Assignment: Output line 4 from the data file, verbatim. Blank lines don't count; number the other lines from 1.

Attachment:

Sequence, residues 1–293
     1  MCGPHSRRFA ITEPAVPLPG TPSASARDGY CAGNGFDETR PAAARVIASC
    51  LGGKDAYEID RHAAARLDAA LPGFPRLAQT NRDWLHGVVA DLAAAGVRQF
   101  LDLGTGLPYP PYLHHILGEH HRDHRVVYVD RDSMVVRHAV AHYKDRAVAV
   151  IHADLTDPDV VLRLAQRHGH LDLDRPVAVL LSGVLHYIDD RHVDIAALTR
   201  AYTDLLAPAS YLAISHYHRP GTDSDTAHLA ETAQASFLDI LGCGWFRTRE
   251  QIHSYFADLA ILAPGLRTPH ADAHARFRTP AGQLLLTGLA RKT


   101  LDLGTGLPYP PYLHHILGEH HRDHRVVYVD RDSMVVRHAV AHYKDRAVAV